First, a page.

The bills regarding the presidential primaries of 2012 are already starting to be filed in several state legislatures across the country. Arkansas has been talking for almost a year about moving its newly established presidential primary from February back to May to coincide with its primaries for state and local offices. But now several states are starting to look at not only the timing of these contests but other issues as well. This week we'll look at three such states: Oklahoma, Illinois and New Jersey.
One thing we can say about states that attempt to move so early in the process is that they often aren't successful. Between 2000 and 2002, for instance, there were 26 bills before state legislatures that would have changed the timing of those states' delegate selection events, but only one was successful according to the National Conference of State Legislatures. In 2003, though, there were 23 bills, of which, eight passed. One out of every three bill proposed passing in the year before the primaries are to be conducted is far better than the one in twenty-six chance the bills prior to 2003 had. The period between 2004 and 2008 was much the same. There was an unusual amount of successful early action, but it paled in comparison to all the movement that was witnessed in 2007. In other words, this is a long way of saying that you have to take much of this legislative action with a grain of salt (...and New Jersey hasn't even had any legislative action. In fact, much of the story on New Jersey is simply speculative at this point. There's a bit of a quirk in the law the legislature passed last year refining the timing of the presidential primary there. I'll get to that later, however.). What we do have are three interesting situations in three different states that are worth talking about.
In the Sooner state, the bill that has been filed does not deal with the timing of the state's presidential primary in 2012. The primary will still be held on the first Tuesday in February (February 7, 2012). Instead, HB 1340, sponsored by Republican Rep. Charles Key, would shift the financial burden for carrying out the primary from the state to the political parties that desire to be included on the ballot. This would put Oklahoma in a situation that is the opposite of the system that emerged in South Carolina for the 2008 cycle. South Carolina, for years has held either a party-run caucus or primary for allocating national party delegates for the purposes of presidential nominations. The parties were charged with footing the bill(s) for the contest(s). Prior to 2008, though, the South Carolina legislature passed and then overrode a gubernatorial veto to grant the state power to conduct presidential primary elections, but to also have them foot the bill. The parties maintained the ability to set the date of the election, though, to ensure that South Carolina remained the earliest primary in the South.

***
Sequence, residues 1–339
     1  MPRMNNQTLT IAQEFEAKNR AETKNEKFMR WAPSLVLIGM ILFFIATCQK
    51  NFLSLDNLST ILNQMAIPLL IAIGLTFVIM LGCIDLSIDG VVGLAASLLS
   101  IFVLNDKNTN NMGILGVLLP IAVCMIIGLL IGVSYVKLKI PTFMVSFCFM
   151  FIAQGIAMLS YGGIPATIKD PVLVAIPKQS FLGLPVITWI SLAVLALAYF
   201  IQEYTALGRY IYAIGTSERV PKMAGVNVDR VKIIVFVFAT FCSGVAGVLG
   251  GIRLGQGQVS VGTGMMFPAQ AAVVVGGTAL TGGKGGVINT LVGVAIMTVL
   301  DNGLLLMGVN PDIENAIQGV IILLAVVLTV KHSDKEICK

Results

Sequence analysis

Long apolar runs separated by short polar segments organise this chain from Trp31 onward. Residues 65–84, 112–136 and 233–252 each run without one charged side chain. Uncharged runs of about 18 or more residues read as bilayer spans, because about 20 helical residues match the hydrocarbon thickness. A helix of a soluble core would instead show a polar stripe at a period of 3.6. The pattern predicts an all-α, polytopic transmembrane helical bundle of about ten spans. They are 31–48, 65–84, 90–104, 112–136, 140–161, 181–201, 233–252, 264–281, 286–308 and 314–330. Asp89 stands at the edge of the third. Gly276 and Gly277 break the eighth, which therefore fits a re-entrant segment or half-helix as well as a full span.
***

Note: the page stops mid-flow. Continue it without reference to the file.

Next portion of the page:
If, however, this bill is to pass the Oklahoma legislature and be signed into law (Republicans control both the House and the Senate in the legislature, but Democratic Governor Brad Henry may have something to say about whether the bill becomes a law.), Oklahoma could establish a model for other states to follow in these increasingly difficult economic times. The state in essence is saying, "We'll run the show, but only if you put up the money." [Alternately, South Carolina said, "We'll run the show and take the bill, but you [the parties] set the date."] And that certainly makes sense in a state where the presidential primaries and the primaries for state and local offices are separate. The presidential primary is a matter of party business and not necessarily in the domain of the states. State legislatures having control of presidential primaries in most states is simply a function of the fallout from the McGovern-Fraser reforms that were put in place in 1972. States had to come into compliance with the new rules and in most cases, the easiest way to accomplish that was to combine it with the primary elections for state and local offices -- a decision controlled by the state legislatures.
If, then, Oklahoma pulls the trigger on this bill, the example would certainly be set for other states to follow suit. Again, though, there would potentially be some variation in terms of how able states are in following the Sooner state's lead. States like Oklahoma, where the presidential primary is a separate election, would likely find it easier to pull this off than in states like North Carolina or Indiana or Texas where every elective office at stake has a primary on the same day. I suppose the latter states could simple call for parties to assist in paying the costs of the primary. And in the end, that is all HB 1340 in Oklahoma is asking, not for the parties to take on all the costs, but to take on most of them. The level would just potentially be lower in the states with concurrent primaries for president and state and local offices.
This bill, though, is certainly worth tracking.
I'll be back tomorrow with a look at the situation in Illinois for 2012. And I suppose that is fitting on the day the Land of Lincoln sees its favorite son inaugurated as the 44th president of the United States.
End of Unannounced/Unintended Hiatus
A One State Presidential Election in 2012?
A Projected 2012 Electoral College Map (version 2.0)